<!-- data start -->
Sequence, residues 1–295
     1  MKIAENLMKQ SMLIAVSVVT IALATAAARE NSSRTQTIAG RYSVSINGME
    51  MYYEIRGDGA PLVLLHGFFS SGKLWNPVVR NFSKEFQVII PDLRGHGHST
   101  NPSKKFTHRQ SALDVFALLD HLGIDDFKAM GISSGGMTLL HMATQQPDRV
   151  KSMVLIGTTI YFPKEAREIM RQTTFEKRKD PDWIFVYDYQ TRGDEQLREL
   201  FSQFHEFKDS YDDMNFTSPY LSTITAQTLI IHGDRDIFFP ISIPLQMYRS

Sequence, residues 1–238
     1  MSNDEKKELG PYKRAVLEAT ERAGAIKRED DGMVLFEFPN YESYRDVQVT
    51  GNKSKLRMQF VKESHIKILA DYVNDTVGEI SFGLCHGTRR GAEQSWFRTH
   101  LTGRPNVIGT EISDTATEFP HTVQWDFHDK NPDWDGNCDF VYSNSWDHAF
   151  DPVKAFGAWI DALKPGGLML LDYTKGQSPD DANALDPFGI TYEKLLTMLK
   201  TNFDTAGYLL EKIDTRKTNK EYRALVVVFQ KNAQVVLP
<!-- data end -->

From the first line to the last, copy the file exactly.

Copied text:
Sequence, residues 1–295
     1  MKIAENLMKQ SMLIAVSVVT IALATAAARE NSSRTQTIAG RYSVSINGME
    51  MYYEIRGDGA PLVLLHGFFS SGKLWNPVVR NFSKEFQVII PDLRGHGHST
   101  NPSKKFTHRQ SALDVFALLD HLGIDDFKAM GISSGGMTLL HMATQQPDRV
   151  KSMVLIGTTI YFPKEAREIM RQTTFEKRKD PDWIFVYDYQ TRGDEQLREL
   201  FSQFHEFKDS YDDMNFTSPY LSTITAQTLI IHGDRDIFFP ISIPLQMYRS

Sequence, residues 1–238
     1  MSNDEKKELG PYKRAVLEAT ERAGAIKRED DGMVLFEFPN YESYRDVQVT
    51  GNKSKLRMQF VKESHIKILA DYVNDTVGEI SFGLCHGTRR GAEQSWFRTH
   101  LTGRPNVIGT EISDTATEFP HTVQWDFHDK NPDWDGNCDF VYSNSWDHAF
   151  DPVKAFGAWI DALKPGGLML LDYTKGQSPD DANALDPFGI TYEKLLTMLK
   201  TNFDTAGYLL EKIDTRKTNK EYRALVVVFQ KNAQVVLP